Commander in Chief of the Kriegsmarine
Minutes of the Conference of the Commander in Chief, Navy, with the Führer at Headquarters Wolfsschanze, 17 July 1943.
The Commander in Chief, Navy, says that he is making this report because he feels that it is his duty to give the Führer his opinion about the situation in Italy. Generally speaking his views are the same as those submitted by General Jodl in written form. He happens to know that the younger officers of the Italian Navy, who have really seen action for example with the Tunisian convoys, and also the young submarine commanders are opposed to the Supermarina. Already at the time when the Commander in Chief, Navy, first visited Rome, these young officers had expected a change in the high command of the Italian Navy, since it is completely out of touch with what is going on at the front and is therefore not recognized by most of the younger officers. Furthermore, the Commander in Chief, Navy is of the opinion that the Italian Navy would have been of much greater help to us if it had been under German leadership. This holds true today. He believes that there are quite a few Italian officers who sincerely want to fight on our side and have proved their willingness in action, but who at the same time would welcome a change in leadership.
The Commander in Chief, Navy believes that it would be advisable to place a young Italian admiral who has the confidence of the officers in command of the Italian Navy, to be assisted by a German staff. The Führer asks whether the Commander in Chief, Navy, has an admiral in mind. The Commander in Chief, Navy mentions Admiral Manfredi as his first choice, and Admiral Legnani as second. The Führer is very happy to learn these names, since he himself does not know any of the persons that would come in question.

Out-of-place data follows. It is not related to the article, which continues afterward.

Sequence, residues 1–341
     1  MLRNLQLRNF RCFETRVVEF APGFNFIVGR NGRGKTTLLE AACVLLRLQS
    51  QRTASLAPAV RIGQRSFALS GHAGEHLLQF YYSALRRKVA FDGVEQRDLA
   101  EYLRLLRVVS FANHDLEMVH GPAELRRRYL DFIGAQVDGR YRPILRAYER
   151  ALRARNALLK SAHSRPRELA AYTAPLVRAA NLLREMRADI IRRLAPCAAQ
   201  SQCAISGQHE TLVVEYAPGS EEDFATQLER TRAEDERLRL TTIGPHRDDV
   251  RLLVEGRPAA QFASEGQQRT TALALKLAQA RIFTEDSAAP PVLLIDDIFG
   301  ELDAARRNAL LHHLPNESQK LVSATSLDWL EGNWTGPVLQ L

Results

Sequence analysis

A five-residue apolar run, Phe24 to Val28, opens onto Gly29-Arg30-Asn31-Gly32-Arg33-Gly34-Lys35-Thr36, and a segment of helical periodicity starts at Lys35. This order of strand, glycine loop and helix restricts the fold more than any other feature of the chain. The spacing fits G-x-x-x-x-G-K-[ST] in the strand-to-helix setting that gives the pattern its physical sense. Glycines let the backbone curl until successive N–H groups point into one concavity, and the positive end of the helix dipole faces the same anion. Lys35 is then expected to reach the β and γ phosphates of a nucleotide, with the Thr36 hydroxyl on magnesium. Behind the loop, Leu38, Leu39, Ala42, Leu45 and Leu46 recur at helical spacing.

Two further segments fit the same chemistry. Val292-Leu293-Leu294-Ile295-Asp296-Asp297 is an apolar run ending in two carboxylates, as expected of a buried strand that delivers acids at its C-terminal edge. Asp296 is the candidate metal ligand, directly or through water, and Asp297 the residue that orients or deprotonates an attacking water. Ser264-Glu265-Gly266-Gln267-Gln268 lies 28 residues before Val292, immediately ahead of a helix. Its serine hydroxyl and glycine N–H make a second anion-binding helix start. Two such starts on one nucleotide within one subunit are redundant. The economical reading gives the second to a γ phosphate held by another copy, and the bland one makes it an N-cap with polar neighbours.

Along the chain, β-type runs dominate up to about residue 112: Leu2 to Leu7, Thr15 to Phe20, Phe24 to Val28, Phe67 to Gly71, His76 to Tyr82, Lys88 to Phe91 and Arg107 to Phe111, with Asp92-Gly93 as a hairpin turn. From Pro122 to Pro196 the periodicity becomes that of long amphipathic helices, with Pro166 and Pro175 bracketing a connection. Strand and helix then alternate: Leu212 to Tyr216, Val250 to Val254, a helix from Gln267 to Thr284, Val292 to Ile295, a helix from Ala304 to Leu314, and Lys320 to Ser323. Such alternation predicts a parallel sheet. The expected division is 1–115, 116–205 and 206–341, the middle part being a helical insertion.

The Commander in Chief, Navy declares that the attitude of the High Command in the employment of the Italian fleet at the present time is infamous. In spite of all his efforts, he was unable to get Admiral Riccardi to use his light forces to drive the enemy from the Straits of Messina, an intolerable situation since he has the forces available to do so. Admiral Riccardi is hoarding these light forces in the event the battleships should put to sea. The Commander in Chief, Navy, believes that this will never be the case. However, he, the Commander in Chief, Navy, has no way of doing anything about the situation except to send telegrams. Riccardi replies to these that he will submit them to the Duce. At this point the Führer exclaims: "The Duce is not getting them."
The Commander in Chief, Navy, continues: "Later an answer arrives that for very subtle strategic reasons it is impossible to take the necessary steps. The situation would be greatly improved if the present Supermarina would be done away with and a new command with a good German staff be put in its place. This presupposes further, however, that we make an effort to win over the young officers in the garrisons, tell them what it is all about, and ask them whether they want to join or not. The collaboration of the young officers is also needed because, in the event of new landing attempts, it is absolutely necessary to eliminate the enemy forces before they have successfully established a beachhead. Otherwise, in view of their uncontested supremacy of the sea, they will be in a position to bring more troops to the scene than we. We must not permit harbors with excellent dock installations to fall into the hands of the British as was the case in Syracuse and Augusta. If we want to hold Italy, German troops and German naval coast artillery must take over these harbors. Otherwise Taranto and Naples may meet the same fate as Augusta."